When Trump talks about climate, climate makes headlines. Unfortunately, what Trump has to say about climate is always wrong. The impacts of climate stand alone as a story – and climate scientists and experts should be the ones driving the story.
7. Meet the Press Pledges: No More Climate Deniers
Other stories generated by the release of the NCA went further.
A handful critiqued the media coverage of the climate report, which was the product of hundreds of scientists within a consortium of 13 federal agencies including the Department of Defense, the EPA and NASA.
In short, coverage was a mixed bag. On one hand, the NCA garnered extensive coverage from print and broadcast media. On the other hand, some of the coverage featured well known and thoroughly debunked climate misinformation. Perhaps one of the worst offenders was NBC’s Meet the Press, which featured Danielle Pletka of the American Enterprise Institute, a conservative think tank supported by the Koch brothers.
The segment ran on November 25 and included Danielle Pletka falsely claiming that the world is actually cooling. The extensive criticism to Pletka’s appearance included a retort from ABC News political analyst Matthew Dowd,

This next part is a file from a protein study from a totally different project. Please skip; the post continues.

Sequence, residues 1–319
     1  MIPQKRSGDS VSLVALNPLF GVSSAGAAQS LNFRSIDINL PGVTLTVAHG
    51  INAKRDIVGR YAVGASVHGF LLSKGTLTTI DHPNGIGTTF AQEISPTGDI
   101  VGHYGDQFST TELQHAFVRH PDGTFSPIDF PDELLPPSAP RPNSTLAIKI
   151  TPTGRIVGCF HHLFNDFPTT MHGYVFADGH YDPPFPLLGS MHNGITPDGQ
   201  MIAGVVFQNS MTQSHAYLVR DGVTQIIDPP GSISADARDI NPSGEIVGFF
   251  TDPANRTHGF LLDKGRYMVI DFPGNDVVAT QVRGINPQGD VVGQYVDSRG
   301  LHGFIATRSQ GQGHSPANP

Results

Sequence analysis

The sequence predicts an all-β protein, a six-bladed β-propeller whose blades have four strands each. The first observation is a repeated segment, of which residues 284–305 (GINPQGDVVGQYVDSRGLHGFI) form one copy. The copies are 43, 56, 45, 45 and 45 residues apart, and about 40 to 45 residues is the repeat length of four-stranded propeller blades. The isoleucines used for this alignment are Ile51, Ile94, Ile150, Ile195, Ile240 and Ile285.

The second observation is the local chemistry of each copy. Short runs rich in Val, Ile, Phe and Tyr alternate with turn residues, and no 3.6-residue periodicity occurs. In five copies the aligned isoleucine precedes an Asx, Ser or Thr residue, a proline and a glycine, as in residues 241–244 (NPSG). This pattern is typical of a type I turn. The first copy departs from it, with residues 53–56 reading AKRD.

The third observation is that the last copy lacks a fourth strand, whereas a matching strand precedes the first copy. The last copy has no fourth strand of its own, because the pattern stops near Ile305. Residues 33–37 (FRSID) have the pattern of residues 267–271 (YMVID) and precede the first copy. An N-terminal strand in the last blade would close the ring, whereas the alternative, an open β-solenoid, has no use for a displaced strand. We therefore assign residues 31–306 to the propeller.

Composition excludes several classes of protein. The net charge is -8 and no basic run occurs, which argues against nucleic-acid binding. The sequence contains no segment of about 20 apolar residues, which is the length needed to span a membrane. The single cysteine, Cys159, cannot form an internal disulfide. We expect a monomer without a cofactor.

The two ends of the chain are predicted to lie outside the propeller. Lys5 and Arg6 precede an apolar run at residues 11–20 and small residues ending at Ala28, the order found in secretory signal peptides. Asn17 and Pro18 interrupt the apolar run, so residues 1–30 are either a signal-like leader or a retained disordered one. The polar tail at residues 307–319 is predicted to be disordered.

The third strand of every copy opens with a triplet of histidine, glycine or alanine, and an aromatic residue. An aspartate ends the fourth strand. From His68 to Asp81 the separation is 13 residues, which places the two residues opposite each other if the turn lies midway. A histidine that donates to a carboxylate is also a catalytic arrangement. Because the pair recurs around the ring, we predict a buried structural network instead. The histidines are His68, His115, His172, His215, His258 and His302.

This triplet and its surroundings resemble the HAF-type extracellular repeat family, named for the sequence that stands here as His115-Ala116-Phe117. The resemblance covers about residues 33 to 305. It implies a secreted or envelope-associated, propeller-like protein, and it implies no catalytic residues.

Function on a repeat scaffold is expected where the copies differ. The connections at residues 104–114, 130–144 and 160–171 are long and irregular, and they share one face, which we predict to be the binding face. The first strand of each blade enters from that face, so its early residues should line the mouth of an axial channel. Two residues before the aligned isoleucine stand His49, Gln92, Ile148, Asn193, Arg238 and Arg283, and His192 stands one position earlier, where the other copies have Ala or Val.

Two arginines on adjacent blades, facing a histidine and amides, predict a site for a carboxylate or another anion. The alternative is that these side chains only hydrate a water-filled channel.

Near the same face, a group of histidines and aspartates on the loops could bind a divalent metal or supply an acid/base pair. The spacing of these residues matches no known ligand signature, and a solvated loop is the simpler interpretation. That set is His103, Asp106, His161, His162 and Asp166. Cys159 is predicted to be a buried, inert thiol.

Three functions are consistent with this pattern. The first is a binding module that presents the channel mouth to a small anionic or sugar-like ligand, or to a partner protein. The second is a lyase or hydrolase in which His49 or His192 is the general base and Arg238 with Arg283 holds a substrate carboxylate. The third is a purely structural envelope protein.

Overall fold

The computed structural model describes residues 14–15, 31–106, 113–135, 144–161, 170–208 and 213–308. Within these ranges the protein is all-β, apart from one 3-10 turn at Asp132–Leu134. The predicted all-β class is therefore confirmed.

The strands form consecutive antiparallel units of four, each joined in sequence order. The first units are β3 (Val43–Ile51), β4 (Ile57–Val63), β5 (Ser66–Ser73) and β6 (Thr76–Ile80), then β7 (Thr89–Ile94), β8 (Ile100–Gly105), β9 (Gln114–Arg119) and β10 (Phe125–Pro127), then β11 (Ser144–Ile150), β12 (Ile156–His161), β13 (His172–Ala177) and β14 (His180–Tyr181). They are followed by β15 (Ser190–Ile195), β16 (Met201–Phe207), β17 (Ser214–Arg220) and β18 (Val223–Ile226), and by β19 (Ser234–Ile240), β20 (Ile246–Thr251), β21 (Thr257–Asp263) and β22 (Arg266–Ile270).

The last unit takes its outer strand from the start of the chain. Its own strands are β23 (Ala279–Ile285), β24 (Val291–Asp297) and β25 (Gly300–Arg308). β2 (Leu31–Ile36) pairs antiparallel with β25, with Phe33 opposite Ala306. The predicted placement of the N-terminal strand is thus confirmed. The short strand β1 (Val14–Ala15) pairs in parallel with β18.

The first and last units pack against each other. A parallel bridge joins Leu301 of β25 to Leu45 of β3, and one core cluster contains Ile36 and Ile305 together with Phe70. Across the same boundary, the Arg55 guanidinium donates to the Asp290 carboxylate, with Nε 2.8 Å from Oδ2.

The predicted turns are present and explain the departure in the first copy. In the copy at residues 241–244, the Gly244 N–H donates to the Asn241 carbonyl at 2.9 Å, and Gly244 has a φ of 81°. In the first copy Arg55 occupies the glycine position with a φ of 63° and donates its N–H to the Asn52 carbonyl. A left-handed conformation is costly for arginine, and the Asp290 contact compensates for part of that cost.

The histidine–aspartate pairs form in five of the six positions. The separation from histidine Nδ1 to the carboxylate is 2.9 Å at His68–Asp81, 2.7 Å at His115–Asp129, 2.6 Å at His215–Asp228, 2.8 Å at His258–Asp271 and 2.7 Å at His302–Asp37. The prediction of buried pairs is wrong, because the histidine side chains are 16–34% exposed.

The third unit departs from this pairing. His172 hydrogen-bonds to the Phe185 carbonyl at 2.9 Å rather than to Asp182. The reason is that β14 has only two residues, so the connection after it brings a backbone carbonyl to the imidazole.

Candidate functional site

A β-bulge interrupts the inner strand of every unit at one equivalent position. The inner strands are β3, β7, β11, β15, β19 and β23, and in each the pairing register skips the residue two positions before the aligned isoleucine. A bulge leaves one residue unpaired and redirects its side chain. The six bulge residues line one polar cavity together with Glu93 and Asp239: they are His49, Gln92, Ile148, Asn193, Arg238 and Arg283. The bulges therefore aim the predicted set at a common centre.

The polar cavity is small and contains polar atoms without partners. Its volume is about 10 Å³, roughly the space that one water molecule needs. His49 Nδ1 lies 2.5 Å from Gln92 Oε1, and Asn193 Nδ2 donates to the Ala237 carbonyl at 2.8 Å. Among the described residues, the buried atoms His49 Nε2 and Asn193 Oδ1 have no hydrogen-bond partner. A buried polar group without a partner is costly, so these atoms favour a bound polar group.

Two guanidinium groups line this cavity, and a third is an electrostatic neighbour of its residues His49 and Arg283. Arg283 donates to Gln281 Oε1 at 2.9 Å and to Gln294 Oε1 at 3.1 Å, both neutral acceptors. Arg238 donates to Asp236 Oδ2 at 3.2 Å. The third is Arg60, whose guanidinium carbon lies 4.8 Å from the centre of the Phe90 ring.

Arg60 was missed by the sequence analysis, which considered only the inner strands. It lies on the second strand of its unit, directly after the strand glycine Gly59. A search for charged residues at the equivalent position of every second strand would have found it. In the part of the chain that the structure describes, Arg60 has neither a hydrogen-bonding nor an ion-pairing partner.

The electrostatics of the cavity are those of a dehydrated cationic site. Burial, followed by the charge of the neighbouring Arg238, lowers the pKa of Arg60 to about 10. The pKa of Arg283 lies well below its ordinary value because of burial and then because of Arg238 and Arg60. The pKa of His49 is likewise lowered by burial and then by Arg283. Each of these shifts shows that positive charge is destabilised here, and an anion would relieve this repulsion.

Five weeks later, Chuck Todd opened the Sunday morning program by saying,
In and of itself, it was notable that an influential Sunday morning show dedicated its entire hour to climate and was intentional about not including those who sow climate misinformation.
But perhaps even more significant is that this segment appears to have been a response to the criticism the show received for giving a platform to climate denial during its coverage of the NCA. The broadcast news model that prioritizes conflict and false balance over truth needs reconsideration. Chuck Todd articulated the new model perfectly: thorough coverage of climate communicated by experts, never deniers.
8,9 & 10. Media Critics and Even the Media Itself: Calling for More Climate Coverage
In October, the editor of The Nation, Katrina vanden Heuvel, wrote a column for The Washington Post titled, “Why isn’t the media covering climate change all day, every day?”
If you look for it, it seems a form of this question is being presented to and by the media with some frequency.
Here are three of my favorite examples from 2018:
In an article appearing in Current Affairs at the end of August, its editor, Nathan J. Robinson, uses the example of The New York Times’ front page to call out media’s “strange and indefensible” priorities. The page in question devotes more than half of the page to Michael Cohen’s guilty plea. Below the Cohen article — and with a significantly lower word count — appears a story about how the Trump administration’s rollback of pollution regulations could kill 1,400 people per year.